I’m not going to tell, you, the reader, how to enforce or prosecute your own code of ethics, but for me, accepting gifts from the team really gives the wrong impression.
Zero Chance Podcast: Meet The Padres: And that brings us to this week’s Zero Chance Podcast. First, the obvious: it was a big deal that Rick and Brady were let onto the field to record an episode and be provided with Padres players to interview. I’ve had a theory that Wayne Partello will eventually make Zero Chance, if not an official production of the Padres, an unofficial official production of the Padres; basically a safe harbor in Padres Twitter/Golden Age of Padres Podcasts where the team can provide some content through having it’s players or employees on. Keep in mind that Partello canned Mike Janela so that he could give Brady an extended audition on Padres Social Hour. They’ve been on quasi-Padres-produced Padres POV many times this season. It just seems to make sense. This isn’t meant as a dig on the Zero Chance guys, it seems like a good place to be if access is the goal. And they are good at schmoozing with the players on this episode. Put it this way, the Padres and Wayne Partello have an abysmal record of producing compelling content themselves: Padres Social Hour was hamstrung by risk-averse production and the desire to have Bill Center ON CAMERA for some godforesaken reason, Center’s Friars On Deck was dreadfully produced and provided little if any useful content, Agler’s Beyond The Booth ran out of Padres employees to interview and was many times dreadfully boring. Rick and Brady (assuming Partello doesn’t kill what they have with over-management and too much forcing control-the-message which given his long track record of failure is a possibility), would be the best they’ve had, by far. Really, just give them Padres POV to be honest.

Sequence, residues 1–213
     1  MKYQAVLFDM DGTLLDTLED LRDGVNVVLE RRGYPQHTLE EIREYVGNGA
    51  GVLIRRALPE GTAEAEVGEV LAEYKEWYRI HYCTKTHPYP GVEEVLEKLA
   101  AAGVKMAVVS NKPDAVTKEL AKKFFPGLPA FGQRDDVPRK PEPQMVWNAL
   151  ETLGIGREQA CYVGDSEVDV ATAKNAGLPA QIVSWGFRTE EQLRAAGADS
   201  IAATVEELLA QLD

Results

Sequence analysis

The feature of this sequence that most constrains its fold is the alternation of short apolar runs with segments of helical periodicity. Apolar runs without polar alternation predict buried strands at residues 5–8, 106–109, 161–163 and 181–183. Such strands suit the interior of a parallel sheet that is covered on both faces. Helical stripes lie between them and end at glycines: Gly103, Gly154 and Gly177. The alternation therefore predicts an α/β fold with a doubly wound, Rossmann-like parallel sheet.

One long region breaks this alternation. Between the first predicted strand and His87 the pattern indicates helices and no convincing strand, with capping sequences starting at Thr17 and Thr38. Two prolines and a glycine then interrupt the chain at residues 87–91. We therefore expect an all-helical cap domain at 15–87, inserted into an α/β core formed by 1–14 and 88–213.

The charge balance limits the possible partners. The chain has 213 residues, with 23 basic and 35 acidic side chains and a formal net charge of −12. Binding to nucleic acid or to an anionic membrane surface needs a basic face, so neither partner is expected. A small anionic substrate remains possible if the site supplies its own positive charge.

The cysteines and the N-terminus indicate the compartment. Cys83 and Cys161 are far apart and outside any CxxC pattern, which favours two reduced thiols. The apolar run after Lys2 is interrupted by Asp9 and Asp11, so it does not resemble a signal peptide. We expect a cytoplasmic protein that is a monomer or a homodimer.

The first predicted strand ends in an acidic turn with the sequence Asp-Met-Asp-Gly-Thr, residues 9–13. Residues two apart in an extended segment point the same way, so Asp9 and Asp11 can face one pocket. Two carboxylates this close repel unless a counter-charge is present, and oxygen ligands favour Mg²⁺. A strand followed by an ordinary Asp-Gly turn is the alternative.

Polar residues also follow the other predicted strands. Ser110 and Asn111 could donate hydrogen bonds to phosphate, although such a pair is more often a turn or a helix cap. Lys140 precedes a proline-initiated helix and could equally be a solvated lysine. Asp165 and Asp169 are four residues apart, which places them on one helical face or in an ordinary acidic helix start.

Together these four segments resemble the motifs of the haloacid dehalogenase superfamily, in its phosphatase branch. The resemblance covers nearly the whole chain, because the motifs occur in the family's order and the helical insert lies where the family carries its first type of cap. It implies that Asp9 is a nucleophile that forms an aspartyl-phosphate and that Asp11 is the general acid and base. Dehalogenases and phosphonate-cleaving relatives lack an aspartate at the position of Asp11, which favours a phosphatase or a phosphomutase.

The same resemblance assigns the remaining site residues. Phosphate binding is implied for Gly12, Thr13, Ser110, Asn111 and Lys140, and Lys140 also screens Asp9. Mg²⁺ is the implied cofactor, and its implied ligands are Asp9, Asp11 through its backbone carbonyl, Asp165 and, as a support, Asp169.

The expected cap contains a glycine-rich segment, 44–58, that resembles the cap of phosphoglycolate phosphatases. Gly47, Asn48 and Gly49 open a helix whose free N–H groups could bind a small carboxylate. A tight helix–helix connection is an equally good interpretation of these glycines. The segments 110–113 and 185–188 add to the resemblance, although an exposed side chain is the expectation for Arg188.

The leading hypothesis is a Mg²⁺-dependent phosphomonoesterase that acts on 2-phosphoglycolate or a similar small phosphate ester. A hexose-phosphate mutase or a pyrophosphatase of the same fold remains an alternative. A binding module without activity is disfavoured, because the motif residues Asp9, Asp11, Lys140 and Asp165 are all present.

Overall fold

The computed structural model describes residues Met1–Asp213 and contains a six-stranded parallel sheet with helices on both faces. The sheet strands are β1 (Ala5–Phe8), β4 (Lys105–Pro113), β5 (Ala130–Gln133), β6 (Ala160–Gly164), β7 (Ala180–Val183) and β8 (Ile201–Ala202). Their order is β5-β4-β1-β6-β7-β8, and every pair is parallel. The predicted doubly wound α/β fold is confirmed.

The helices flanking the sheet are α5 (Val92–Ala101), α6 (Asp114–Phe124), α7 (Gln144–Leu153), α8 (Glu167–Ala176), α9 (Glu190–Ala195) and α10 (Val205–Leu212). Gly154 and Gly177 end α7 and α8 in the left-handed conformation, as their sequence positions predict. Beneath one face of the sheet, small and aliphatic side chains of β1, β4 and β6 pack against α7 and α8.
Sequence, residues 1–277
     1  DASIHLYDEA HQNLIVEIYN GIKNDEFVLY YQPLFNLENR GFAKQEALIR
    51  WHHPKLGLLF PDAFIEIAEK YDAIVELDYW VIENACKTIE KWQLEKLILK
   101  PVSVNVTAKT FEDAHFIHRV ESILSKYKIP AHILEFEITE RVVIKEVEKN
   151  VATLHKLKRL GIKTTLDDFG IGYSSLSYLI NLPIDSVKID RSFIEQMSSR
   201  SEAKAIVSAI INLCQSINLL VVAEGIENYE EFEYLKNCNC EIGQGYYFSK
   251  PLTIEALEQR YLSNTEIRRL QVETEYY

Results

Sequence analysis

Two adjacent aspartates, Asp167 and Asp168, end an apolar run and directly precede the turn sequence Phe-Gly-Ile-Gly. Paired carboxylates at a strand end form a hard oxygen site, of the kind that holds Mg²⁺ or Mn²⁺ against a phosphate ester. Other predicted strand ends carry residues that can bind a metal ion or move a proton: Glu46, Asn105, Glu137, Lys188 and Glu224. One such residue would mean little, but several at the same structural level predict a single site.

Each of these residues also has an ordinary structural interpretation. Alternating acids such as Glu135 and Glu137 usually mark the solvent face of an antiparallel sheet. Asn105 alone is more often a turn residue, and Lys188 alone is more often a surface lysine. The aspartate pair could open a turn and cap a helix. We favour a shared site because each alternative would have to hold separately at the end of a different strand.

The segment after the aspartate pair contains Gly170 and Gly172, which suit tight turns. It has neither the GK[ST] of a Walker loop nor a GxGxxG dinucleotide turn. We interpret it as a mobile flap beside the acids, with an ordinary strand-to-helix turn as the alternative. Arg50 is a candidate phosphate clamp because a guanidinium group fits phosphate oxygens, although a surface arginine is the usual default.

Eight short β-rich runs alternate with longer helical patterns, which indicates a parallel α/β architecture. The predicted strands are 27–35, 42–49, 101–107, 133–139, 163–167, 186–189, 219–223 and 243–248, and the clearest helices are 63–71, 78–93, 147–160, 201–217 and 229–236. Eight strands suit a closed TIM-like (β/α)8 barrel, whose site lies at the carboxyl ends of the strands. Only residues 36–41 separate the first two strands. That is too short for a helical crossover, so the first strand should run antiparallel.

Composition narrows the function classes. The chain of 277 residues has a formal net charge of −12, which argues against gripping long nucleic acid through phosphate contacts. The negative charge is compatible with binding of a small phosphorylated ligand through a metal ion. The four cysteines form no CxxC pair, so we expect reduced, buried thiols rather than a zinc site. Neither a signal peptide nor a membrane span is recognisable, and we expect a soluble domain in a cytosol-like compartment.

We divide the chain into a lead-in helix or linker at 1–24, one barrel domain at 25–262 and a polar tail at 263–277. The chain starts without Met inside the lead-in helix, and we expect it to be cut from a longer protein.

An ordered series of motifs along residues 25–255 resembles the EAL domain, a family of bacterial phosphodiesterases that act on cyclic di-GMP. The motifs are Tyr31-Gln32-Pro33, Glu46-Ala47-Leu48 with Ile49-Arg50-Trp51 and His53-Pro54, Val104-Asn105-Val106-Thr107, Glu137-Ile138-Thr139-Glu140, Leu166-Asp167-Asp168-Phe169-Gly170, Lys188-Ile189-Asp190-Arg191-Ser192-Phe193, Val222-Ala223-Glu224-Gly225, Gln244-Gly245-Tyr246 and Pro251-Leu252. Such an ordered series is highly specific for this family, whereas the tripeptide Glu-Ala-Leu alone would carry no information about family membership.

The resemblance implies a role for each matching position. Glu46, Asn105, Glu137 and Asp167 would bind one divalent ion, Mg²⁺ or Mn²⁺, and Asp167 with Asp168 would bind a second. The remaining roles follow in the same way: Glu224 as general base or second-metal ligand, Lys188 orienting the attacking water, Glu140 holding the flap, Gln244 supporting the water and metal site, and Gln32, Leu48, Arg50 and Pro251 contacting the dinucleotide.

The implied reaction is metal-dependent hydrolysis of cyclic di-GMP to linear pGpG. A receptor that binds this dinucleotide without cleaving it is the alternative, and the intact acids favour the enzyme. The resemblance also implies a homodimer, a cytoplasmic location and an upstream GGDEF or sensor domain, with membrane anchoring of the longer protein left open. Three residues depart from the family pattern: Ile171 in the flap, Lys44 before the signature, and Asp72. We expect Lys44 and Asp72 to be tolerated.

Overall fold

As far as specifics of the episode itself, I thought Brady in the last three minutes was the most interesting. I thought I’d just transcribe it:
We’ve been building a relationship with the Padres for years, I mean, combined, almost two decades between the two of us of building relationships with, um, just the way you carry yourself, carry yourself like a responsible human being and be fair. We don’t ever shy away from criticizing the team when they deserve criticism, and when something is going on on the field that needs to be talked about, we address it. But I feel like we do it in a fair way and that is why we’ve been given a fair shake to come do this.
Tweet of the Week:
And the Jaggy goes to…
Congrats to Oscar. I don’t usually do honorable mentions for Jaggy’s, but James Clark deserves special recognition for this dunk on Canepa:
Terrible Marver Tweet Of The Week:
I’m not even prepared to say Marver is necessarily wrong with his premise (he probably is but I don’t want to get into it for seventeen hours with him). But I think he tweeted this as part of a master plan to bring Mario Kart 64 into the discussion and, thus, anointing himself as an “athlete”
Nick Canepa Is An Irrelevant Out Of Touch Old Timer Or Possibly Doing A Bit:
LOL can you believe these crazy kids and their riding bikes and not wanting to get hit by cars and literally dying?!?!?! LOL LOL LOL!
How Did Wayne Partello Screw Up This Time?:
This is a new feature that will pop up when it’s needed. Of course, it could have been brought out for the Padres’ grain beetle incident where Partello dispatched ushers to act as a lifeguard hat secret police and literally seize people’s hats. But this week’s edition will highlight something that has happened MANY times before. Padres fans put up with terrible line and security management related to entrance to the park and security theater. But concert fans have it far worse, generally pay WAY more for their tickets, and the Padres bungle the lines EVERY SINGLE TIME.
It’s just so weird how all this stuff always happens to this executive team at such a high frequency. SO WEIRD! TOTALLY A COINCIDENCE!